Nitzavim-Vayelekh (Aggadah)

Good News! Our third granddaughter was born in the pre-dawn hours of Friday morning. A big Mazal Tov to all concerned.

Is Teshuvah Possible?

Some few weeks ago, I was discussing Maimonides’ concept of teshuvah with some of my friends, when one of them said that it is unrealistic, being based upon excessive expectations of human beings. A well-known passage in Hilkhot Teshuvah 2.1 states that true teshuvah occurs when a person confronts the identical opportunity to sin (“with the same woman… in the same place… and feeling the same strength of desire…”) and refrains from doing so, “not through weakness or cowardliness or inability,” but out of teshuvah: a genuine sense of God-fearingness and a decision to live a better, purer life. §2 continues:

What is teshuvah? It is when the sinner abandons his sin, removes it from his thoughts, and firmly decides in his heart that he shall never do it again, as is said “Let the wicked man abandon his path” [Isa 55:7], and he regrets the past, as is said, “For after I had turned away, I repented” [Jer 31:19}. And He who knows the mysteries of the heart [i.e., God] will testify that he shall never again return to this sin.

My friend was troubled by the word “never” (le’olam), in that it seemed to demand too much of a person. Indeed, everybody has had the experience of going to the synagogue during the Days of Awe, reciting the confession on Yom Kippur, and sincerely wishing to rid themselves of their all-too-familiar character flaws and failings. I am not speaking here about superficial people, but of those who take their Judaism, and the spiritual-ethical life, seriously. Yet almost everyone, if asked to describe their experience honestly, will admit that year after year their teshuvah has been less than perfect: they have resolved with all their heart to change those things which they dislike about themselves, and which in many cases may cry out urgently for change--possibly traits and habits and deep-seated aspects of themselves which may endanger their health, the welfare of their family and their loved ones, their possibility for happiness in life, their very lives--and yet, the barriers to teshuvah seem just too great, and they repeat the same process year after year, confessing the same faults.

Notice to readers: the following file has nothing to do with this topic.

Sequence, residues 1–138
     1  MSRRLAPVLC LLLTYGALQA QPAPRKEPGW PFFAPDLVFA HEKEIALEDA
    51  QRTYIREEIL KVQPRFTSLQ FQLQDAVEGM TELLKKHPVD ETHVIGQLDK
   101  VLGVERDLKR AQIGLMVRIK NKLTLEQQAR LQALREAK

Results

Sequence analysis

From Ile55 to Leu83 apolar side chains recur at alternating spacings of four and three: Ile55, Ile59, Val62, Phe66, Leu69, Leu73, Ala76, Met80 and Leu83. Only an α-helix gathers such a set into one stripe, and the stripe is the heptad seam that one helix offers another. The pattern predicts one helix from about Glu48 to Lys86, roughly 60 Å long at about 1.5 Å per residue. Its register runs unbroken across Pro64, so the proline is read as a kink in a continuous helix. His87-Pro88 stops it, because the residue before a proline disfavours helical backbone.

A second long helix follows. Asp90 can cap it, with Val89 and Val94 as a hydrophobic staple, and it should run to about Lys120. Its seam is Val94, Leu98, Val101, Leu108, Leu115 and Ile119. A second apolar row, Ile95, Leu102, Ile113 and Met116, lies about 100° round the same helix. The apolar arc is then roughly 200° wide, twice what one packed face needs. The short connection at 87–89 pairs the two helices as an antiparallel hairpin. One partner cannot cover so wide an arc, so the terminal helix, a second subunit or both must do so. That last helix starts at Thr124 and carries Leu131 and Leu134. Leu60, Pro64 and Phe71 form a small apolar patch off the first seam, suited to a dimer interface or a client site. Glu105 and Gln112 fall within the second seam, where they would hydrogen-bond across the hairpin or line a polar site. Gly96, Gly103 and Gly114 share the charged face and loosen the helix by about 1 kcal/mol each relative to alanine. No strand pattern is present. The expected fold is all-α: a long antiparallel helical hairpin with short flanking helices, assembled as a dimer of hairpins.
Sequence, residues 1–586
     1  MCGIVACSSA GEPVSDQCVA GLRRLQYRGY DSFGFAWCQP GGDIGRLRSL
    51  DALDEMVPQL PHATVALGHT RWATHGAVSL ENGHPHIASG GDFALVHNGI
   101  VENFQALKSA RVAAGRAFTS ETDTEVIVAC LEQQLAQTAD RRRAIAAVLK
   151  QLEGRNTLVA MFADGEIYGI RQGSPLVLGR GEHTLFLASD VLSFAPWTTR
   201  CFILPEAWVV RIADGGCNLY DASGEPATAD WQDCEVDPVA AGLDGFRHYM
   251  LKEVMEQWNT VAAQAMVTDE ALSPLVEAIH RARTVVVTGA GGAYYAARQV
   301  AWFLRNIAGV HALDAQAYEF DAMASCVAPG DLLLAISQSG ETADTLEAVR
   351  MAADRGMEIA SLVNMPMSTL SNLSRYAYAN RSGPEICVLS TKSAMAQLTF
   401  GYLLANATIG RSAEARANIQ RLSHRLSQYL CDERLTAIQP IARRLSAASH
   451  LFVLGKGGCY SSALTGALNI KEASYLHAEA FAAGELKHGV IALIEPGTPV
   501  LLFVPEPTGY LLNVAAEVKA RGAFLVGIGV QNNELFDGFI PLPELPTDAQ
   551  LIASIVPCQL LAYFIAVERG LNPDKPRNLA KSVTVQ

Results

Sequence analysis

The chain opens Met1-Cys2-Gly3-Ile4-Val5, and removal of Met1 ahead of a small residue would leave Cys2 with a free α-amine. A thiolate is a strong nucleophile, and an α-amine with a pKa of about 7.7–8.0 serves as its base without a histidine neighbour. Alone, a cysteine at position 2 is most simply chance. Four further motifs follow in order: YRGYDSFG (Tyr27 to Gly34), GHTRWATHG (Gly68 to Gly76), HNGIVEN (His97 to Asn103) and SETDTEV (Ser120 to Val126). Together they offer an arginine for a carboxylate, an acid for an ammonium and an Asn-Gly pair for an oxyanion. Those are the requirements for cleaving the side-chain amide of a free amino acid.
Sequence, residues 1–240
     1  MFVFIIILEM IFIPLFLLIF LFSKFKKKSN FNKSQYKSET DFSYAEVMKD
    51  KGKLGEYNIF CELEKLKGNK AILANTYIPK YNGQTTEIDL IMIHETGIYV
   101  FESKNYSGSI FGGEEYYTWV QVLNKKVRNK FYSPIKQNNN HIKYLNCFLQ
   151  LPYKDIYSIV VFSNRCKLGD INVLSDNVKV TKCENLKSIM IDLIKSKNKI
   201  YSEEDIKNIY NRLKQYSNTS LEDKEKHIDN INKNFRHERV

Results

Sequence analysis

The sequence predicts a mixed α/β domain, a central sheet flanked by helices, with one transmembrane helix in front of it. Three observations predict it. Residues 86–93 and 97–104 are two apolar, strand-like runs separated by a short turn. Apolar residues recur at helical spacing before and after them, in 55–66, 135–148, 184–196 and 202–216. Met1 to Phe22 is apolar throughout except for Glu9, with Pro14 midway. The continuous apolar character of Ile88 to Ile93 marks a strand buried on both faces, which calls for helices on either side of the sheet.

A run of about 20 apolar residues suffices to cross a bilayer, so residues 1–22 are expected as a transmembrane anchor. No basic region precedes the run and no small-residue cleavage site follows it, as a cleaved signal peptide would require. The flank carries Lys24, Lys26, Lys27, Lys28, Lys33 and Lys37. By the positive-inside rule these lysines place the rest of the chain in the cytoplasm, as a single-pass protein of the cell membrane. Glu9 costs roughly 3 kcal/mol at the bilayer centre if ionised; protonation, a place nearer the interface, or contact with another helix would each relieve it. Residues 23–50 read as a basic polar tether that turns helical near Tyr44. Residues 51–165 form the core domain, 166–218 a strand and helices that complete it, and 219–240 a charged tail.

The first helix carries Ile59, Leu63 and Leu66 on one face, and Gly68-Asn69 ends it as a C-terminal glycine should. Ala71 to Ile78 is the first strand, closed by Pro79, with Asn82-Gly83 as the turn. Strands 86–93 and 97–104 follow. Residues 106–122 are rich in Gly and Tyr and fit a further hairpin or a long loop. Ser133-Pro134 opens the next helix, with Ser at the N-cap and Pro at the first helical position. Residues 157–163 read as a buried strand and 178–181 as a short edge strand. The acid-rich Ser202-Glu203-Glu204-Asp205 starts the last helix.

I agree that the “bar” set here is very high. But in blaming Rambam for formulating matters this way, one is so-to-speak “shooting the messenger,” rather than dealing with what is really responsible for this situation. The fact of the matter is that the concept of teshuvah in Judaism is extraordinarily difficult; but it is so, not because Judaism is a harsh, demanding religion (although it may be that as well), but because of the nature of human beings, because of the human condition itself. Any serious adult who looks at his or her life and says, I have done wrong, must realize that any process of personal change, to be serious, must in principle be for the rest of his life. A person who says: I’ll do Teshuvah for one day, for one week, for one month, and then I’ll go back to being whatever I feel like, can not be taken seriously. It’s not a question of the halakhah being too harsh or not being lenient or understanding, but of the nature of what personal change means.